We checked in to our hotel, the Crowne Suites, and then went for a tour of the city and a light dinner in a local restaurant. The next morning we drove to Bethlehem to visit the PCRF cancer ward in the local municipal hospital. Because of the check points and the delays they can cause, we opted to take the long route which instead of 30 minutes takes 90 minutes. The roads are windy and steep, many of them recently renovated by Najim’s company funded by USAid. I was struck by the irony of the US is building roads and funding the Israelis whose mission seems to be to destroy the West Bank and Gaza.
As we approached the Beit Jala gov’t hospital, we saw the large blue sign that reads “Huda A Masri Cancer Ward for Children donated by PCRF”. The Palestinian Children’ Relief Fund was founded by Steven Sosebee, who first came to Palestine in 1991 and met and married Huda Al Masri, a social worker for children with cancer, in 1993. Together they worked to bring medical teams to Palestine to perform life-saving operations on children. Tragically, Huda died in 2009 of leukemia leaving him with a 10 year old and one year old daughter. In 2013 the cancer ward was opened in her memory and treats over 100 children a year.
We were met by Naveen, the social worker and administrator, who took us a tour of the ward and to meet the children being treated. As you enter the ward, there are photos of the various fundraising efforts and donors along with a photo of Huda and her two daughters. You feel the sense of care and love as you walk down the corridors towards the children’s playroom, brightly decorated with scenes from the Jungle book. There we met an 8 year old girl with leukemia who was having an English lesson with her tutor. She was wearing a blue hat and spotted pajamas. She wheeled her intravenous device towards us so we could take her photo and I felt my heart sink as she gave us a gentle smile and returned to her studies grateful for the small gift I gave her. We then went to visit the children in the 8 treatment rooms.
We met a two year old boy with long dark eye lashes and thick wavy hair, who was recently admitted with Leukemia. His mother was trying to get him to eat a banana. I handed him the toy I had brought, a fan that lights up when you press the button and he loved it. His big brown eyes lit up but there was a heaviness behind his eyes which I imagined was the chemo treatment in his veins.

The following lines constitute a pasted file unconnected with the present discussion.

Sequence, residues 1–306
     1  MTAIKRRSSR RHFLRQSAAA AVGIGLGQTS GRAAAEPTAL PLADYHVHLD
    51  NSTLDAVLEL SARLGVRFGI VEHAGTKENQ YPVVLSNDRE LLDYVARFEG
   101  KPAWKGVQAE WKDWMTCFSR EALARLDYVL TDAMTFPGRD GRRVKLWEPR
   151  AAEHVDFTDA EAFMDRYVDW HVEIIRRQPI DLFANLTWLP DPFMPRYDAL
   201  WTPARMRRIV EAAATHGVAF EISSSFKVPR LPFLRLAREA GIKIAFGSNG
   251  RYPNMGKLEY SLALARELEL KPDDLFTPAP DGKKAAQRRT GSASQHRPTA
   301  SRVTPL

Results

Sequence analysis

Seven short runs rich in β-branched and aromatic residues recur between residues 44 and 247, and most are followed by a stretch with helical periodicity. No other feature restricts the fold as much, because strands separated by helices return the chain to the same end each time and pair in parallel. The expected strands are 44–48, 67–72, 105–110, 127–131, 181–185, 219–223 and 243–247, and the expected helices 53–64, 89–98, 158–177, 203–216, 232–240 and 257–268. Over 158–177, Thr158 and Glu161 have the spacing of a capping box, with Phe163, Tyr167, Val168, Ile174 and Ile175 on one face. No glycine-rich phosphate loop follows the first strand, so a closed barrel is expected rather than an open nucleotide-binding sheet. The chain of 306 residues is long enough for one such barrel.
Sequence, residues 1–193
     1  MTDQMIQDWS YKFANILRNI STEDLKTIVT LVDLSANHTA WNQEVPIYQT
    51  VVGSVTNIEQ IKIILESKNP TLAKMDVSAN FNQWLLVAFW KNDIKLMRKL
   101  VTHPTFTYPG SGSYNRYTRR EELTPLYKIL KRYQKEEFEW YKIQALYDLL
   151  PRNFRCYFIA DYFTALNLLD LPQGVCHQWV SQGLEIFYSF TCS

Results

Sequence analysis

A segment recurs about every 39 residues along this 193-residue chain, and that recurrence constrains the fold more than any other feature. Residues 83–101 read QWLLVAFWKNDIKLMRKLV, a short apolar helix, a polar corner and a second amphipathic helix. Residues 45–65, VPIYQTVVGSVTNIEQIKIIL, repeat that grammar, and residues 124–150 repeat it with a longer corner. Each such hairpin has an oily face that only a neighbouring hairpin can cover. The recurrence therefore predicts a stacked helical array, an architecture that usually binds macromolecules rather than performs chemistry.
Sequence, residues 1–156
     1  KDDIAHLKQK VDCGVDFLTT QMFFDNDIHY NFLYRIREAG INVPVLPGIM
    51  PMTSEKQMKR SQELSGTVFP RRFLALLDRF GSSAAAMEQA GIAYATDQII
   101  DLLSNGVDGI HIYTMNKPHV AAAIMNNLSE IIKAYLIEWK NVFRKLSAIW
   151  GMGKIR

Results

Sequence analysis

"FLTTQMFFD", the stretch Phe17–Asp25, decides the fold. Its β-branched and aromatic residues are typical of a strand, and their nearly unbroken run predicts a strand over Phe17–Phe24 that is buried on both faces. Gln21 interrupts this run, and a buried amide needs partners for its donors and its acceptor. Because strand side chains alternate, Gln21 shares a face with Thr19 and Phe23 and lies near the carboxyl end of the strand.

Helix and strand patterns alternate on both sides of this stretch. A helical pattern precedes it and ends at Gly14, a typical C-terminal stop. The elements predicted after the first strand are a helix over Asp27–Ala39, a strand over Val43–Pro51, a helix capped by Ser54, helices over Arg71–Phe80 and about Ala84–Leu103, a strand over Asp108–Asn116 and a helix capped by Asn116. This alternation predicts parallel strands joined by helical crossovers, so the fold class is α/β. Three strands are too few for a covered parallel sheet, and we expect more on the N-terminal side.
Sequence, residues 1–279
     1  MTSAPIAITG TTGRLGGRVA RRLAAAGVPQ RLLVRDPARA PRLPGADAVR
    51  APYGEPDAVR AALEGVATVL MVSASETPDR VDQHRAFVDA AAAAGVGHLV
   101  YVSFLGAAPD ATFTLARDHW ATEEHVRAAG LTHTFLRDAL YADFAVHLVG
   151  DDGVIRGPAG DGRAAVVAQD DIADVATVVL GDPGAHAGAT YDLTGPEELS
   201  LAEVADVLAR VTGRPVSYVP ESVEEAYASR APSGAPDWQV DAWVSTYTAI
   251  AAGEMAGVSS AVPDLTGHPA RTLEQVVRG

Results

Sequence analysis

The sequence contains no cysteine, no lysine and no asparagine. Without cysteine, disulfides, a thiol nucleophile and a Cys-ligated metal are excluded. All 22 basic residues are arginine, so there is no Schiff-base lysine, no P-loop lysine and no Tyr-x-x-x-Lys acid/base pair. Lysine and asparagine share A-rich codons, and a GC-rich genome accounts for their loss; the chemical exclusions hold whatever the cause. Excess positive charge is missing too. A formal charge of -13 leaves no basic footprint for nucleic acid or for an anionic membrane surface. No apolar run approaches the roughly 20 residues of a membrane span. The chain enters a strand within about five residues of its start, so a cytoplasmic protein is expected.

Next we visited a 10 year old girl lying in bed in her green pajamas, her tutor by her side, giving her a math lesson. Naveen told us how smart she is and how well she was responding to the treatment. My fan gift was not appropriate but she smiled and took it. Our final meeting was with a young boy of 13 who seemed quite ill and was receiving a treatment through intravenous. I handed him a football and he took it with a weary hand and said thank you. His father arrived and greeted us. We learned he had not responded well to the treatment and the tumor in his abdomen had grown and there was nothing more they could do for him. The doctors had just that morning given hisfather the news and told him to take him home. He was the eldest of 5 children and the only one born ‘normal’. The other children were all physically handicapped.
Feeling sad and helpless, we left father and son and went downstairs and outside to visit the recently opened Healing Garden. Here outpatient children visiting for their weekly checkups can play on the swings and slides. It’s also somewhere for the parents to sit and have a moment of peace. It is here yoga classes will be offered to the children and parents in the coming months.